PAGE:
vocabulary

Quizlet Teacher account – worth it?

I’ve been using Quizlet in class for a while. This term I’m getting to grips with it a bit more as part of a project for my MA.

Huh, Quizlet?

Quizlet is a site which allows you to create your own online flashcards and games all for free. It’s really easy to pick up for both teachers and learners. Here’s what learners can do with it:

Flashcards – Learners can revise words from a lesson using digital flashcards made by the teacher. Flashcards can be words + meanings or words + images. You could also make question and answer cards. Students could also make their own flashcards if they want.

Learn – Read the meaning/look at the image and type the correct word

Spell – Type the target word you hear

Test – An auto-generated mix of written, multiple choice, and true and false questions based on the vocabulary set

Match/Gravity – a couple of games using the vocab set. Match works well on an interactive whiteboard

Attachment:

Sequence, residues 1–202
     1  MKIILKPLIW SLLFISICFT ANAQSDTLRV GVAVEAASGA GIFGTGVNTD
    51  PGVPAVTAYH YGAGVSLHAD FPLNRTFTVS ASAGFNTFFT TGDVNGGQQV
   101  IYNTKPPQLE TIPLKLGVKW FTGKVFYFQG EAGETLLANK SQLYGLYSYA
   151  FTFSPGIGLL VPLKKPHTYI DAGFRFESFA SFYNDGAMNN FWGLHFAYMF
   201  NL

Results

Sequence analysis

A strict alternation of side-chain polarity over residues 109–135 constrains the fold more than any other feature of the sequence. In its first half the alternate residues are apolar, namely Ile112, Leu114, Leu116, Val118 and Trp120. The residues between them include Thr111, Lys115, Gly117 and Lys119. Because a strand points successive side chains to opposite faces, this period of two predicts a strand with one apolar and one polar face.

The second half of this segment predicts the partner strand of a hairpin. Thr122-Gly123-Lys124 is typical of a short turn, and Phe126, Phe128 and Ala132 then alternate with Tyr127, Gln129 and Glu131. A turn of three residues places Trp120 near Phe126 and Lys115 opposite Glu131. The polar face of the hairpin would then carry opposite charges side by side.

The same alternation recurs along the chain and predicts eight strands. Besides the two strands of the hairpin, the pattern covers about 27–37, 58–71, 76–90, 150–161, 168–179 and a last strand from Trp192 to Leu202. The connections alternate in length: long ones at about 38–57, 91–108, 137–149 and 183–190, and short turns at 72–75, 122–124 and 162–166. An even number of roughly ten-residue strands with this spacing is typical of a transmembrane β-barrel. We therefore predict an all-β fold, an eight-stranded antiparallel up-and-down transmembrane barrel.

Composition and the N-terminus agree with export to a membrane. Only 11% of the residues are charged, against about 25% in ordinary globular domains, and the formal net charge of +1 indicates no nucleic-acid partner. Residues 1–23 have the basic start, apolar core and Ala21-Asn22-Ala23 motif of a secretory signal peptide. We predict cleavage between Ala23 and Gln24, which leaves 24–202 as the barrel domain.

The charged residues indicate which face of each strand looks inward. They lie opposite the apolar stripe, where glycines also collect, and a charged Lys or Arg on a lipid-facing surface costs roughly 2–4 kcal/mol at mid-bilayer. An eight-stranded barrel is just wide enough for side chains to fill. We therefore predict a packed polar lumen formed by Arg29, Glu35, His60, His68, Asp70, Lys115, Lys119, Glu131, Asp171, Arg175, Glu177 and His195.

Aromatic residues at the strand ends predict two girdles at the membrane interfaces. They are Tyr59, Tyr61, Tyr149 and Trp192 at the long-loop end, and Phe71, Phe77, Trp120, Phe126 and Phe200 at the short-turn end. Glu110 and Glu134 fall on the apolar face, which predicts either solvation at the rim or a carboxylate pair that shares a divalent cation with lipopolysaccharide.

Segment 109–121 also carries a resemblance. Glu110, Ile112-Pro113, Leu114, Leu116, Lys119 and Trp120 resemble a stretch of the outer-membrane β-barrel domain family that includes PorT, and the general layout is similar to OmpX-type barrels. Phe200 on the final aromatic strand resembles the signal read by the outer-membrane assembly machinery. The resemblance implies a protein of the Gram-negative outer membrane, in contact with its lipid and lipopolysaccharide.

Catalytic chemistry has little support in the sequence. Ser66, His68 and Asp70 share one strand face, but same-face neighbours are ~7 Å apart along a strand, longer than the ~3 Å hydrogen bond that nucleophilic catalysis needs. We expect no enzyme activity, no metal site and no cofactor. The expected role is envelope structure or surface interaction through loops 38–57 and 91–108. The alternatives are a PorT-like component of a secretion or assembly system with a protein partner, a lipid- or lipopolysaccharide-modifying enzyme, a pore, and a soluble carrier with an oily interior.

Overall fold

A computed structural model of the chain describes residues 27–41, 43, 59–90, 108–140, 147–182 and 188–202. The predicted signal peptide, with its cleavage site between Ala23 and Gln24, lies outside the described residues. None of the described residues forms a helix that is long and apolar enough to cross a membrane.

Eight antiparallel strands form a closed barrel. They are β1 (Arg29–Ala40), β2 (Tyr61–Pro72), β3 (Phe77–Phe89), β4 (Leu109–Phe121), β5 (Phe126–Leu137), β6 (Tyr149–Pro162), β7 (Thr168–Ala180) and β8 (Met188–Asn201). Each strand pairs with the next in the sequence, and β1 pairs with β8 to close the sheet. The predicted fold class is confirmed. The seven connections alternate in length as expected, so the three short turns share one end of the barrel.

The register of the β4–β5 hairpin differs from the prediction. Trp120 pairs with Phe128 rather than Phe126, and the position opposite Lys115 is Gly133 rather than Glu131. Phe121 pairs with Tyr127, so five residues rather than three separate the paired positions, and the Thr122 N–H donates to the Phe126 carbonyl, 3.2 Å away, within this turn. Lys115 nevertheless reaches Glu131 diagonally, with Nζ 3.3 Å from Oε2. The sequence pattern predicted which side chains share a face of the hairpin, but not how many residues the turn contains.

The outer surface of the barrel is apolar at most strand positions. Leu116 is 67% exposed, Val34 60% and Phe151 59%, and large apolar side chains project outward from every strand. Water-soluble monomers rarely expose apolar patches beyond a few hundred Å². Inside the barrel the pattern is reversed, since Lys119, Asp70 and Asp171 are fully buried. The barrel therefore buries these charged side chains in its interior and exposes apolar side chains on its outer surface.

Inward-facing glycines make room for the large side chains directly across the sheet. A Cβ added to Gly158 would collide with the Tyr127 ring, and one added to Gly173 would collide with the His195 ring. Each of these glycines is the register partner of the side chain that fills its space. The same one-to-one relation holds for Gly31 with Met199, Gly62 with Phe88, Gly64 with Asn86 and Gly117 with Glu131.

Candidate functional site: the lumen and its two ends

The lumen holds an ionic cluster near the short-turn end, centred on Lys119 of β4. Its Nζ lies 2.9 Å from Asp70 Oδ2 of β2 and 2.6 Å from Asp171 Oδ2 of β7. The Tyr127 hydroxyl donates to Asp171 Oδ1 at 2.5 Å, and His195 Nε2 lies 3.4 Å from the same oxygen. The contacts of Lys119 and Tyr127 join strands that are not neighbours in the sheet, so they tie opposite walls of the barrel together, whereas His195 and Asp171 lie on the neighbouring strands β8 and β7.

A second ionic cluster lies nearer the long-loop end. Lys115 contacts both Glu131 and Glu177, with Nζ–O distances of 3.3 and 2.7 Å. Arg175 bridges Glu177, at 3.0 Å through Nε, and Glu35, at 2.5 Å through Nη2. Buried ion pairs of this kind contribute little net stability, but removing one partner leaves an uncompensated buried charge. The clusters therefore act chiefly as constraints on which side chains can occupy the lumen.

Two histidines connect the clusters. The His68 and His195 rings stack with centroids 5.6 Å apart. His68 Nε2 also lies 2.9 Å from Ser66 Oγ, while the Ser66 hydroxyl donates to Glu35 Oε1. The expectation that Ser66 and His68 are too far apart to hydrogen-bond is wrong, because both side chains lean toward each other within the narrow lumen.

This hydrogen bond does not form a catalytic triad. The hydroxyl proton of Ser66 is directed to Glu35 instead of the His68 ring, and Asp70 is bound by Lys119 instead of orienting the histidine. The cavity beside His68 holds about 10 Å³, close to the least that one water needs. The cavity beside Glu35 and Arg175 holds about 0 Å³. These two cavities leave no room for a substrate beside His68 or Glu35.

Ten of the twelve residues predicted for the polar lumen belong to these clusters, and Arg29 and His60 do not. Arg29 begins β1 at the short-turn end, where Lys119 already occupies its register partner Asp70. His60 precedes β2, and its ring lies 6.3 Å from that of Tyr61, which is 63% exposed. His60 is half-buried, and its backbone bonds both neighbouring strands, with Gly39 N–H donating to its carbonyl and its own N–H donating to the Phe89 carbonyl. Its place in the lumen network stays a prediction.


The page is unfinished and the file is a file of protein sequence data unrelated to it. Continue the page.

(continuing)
Live – play a live game with multiple participants

(more…)

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Spelling races with mini-whiteboards

I don’t do enough spelling practice. I should develop in that area, definitely. But one fun thing I do is a simple whiteboard spelling game as a review.

Give each team (about 4 students) a mini whiteboard, pen, eraser. Say one of the target words, and students spell it on the board. But…

  • Each student can only write one letter
  • They must then pass the board to their left
  • The next student writes the next letter
  • Students can collaborate over the spelling
  • When they’ve completed the word they hold the board up. The first team to finish gets a point.

Not got mini whiteboards? Just use a laminated piece of paper and some tissue as the rubber.

One team keeps winning…

Ha! Always happens. The game is just for fun. If a team keeps winning just get them to use their wrong hand to write each letter! Educational value, a bit. Fun and hilarity, plenty.

Alternative:

On our CELTA YL course one teacher put piles of letters (cut up) on each desk. He said a word and students worked together to construct it using the letters. One student tended to take over, but you could introduce some rules to prevent this.

I’m writing a series of short posts in response to Martin Sketchley’s blog challenge. You can view his new blog here.